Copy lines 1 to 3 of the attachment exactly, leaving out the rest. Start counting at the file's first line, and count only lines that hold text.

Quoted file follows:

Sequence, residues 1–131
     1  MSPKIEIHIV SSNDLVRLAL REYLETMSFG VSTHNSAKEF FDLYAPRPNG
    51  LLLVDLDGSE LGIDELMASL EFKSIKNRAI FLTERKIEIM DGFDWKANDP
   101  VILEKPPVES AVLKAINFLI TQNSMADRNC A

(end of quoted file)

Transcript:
Sequence, residues 1–131
     1  MSPKIEIHIV SSNDLVRLAL REYLETMSFG VSTHNSAKEF FDLYAPRPNG
    51  LLLVDLDGSE LGIDELMASL EFKSIKNRAI FLTERKIEIM DGFDWKANDP